COOPER’S TESTIMONY

Hello, my name is Cooper Alexander; I’m 13 and an 8th grader at Valley View ISD in Valley View, Texas. I’m here, away from my school to speak to you about how important my teacher of the visually impaired is to me.

When I was born I was too early and didn’t weigh even two pounds. A month later I had bacterial meningitis and almost died. Because of that, I have an eye condition called Cortical Visual Impairment, or CVI, and mild cerebral palsy. I see light and dark, some colors, and sometimes shapes. Sometimes, I see less, sometimes more, it changes depending on my health, surroundings, and stress levels. I can walk pretty well, but I fall a lot if I’m not careful. I use a white cane to navigate my school and when I’m out running around.

My mom found out about ECI when I was 2 months old, because they told her at the hospital I would be blind, have cerebral palsy, and mental retardation. As you can see, I’m pretty smart and this is why: she has told me she and Dad were desperate to find some way to help me. ECI sent out Mary Ann Foster to look me over and decide how best to start. From the time I was 6 months old, Miss Mary Ann has looked out for me. I don’t remember any of the early stuff, but Mom said she did lots of vision stimulation activities with me and tried to help me interact with my surroundings. I know she must have helped because I’m an all A student now.

It’s hard to tell you in this short a time what Miss Mary Ann does for me each day, but I’ll try. She started me on Braille by the time I was 3. Because I am a Braille student, she has to see me at my school a lot. By 1st grade I had a type of Braille note-taker and all my books were brailled. By 3rd grade, she made sure I was reading contracted Braille so I wouldn’t fall behind the other kids. Now, she makes sure I have audio textbooks as well as the Braille, because there is a lot of reading! In 2nd grade she started teaching me Nemeth Code for math. It’s a special Braille code just for advanced math, and it’s hard. She gets me the technology I need to succeed in my classroom. I have a Braille note-taker that I write on and read from, a screen reader for my computer and tons more equipment she had to know how to teach me.

She has teacher worksheets brailled for me, math papers fixed so I can feel the diagrams or shapes so they make sense to me. Once, I needed the elements chart and she made sure I had it early, so I could start memorizing them. If we use maps, she makes sure I have them and in art class she helps the teacher understand what would be a good way to teach me. Miss Mary Ann sits with me in math and science sometimes, because it’s easy for the classroom teacher to forget I need more description, or because there are changes that need to be made at the last minute so I can understand the lesson. That happens all the time, and she always knows how to help me. She takes a lot of classes at Region XI and X so she will know what might help me.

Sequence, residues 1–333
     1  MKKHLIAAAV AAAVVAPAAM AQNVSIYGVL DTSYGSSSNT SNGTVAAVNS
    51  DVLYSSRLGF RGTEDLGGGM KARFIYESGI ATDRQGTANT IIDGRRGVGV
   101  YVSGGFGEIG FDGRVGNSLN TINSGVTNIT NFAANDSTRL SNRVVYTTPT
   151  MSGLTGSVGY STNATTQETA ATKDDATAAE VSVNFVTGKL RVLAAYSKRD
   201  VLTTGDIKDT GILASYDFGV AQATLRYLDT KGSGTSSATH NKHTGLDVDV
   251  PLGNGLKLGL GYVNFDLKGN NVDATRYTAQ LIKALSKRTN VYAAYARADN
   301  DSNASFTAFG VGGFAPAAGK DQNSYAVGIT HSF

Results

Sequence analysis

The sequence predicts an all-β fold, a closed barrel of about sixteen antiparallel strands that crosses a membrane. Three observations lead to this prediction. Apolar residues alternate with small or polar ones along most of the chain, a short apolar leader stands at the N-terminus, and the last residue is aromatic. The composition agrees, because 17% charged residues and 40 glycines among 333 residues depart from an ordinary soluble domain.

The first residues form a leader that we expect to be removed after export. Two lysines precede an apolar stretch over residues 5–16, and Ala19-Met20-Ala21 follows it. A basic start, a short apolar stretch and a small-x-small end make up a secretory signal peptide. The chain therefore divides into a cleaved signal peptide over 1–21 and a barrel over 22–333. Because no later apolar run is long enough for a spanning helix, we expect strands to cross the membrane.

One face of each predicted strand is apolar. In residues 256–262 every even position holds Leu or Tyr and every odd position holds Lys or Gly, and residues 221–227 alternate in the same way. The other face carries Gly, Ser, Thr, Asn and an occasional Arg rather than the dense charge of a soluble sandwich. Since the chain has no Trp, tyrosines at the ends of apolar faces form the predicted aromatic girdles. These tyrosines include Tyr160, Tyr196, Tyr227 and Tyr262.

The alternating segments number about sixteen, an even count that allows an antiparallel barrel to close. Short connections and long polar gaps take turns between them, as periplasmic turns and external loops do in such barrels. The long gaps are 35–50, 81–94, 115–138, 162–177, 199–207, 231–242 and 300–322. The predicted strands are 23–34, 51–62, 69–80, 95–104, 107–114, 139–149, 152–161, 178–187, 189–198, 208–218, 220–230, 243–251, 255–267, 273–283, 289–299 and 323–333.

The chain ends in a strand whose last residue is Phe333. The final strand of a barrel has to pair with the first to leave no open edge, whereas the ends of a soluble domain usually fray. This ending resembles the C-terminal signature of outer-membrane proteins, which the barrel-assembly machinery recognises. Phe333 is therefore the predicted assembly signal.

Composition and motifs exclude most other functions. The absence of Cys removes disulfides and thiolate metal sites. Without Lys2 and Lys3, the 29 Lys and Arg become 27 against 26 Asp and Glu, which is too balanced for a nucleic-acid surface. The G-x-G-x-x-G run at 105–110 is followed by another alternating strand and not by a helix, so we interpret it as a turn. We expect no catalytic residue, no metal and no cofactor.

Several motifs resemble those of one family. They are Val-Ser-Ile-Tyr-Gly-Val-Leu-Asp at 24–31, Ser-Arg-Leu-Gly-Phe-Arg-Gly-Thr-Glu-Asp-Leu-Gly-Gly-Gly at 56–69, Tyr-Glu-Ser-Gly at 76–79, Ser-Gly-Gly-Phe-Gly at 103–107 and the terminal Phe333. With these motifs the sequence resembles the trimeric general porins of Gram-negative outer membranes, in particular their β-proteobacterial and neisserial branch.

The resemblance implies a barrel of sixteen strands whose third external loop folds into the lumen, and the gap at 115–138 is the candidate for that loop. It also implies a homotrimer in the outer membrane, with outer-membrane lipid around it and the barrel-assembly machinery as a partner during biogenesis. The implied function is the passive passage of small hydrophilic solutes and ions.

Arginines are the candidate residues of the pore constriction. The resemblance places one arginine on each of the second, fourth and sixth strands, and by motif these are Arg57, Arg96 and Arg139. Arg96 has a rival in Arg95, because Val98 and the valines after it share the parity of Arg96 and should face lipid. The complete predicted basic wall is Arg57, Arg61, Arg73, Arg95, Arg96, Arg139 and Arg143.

On top of all of that, even when she’s seen me hundreds of times that month, she will take me to an event like Sports Extravaganza or a Mentor night at the American Foundation for the Blind center in Dallas because she wants me to be an independent, regular kid. She say’s that means I have to go to college and get a good job.

If Miss Mary Ann had not learned Braille, or Nemeth code I wouldn’t have gone to Space Camp a couple of years ago, be the president of my 4-H club or be here talking to you, because I couldn’t do the work. All kids deserve a great teacher like her, and we shouldn’t give them anything less. Please make sure all teachers of students with visual impairments get the training they need to help kids like me. Thank you for your time. Do you have any questions?

TAPVI.ORG Website Is Parked!

If you have tried to visit our website lately, you found that the site was not working. Our website is temporarily parked. We own the domain (name), but the company who hosts the space wants us to change our site builder, re-entering all our info, and is increasing the rates. Our Webmaster is looking into this issue. Hopefully, the site will be back up soon. We have had this website for a few years, and we intend to keep it.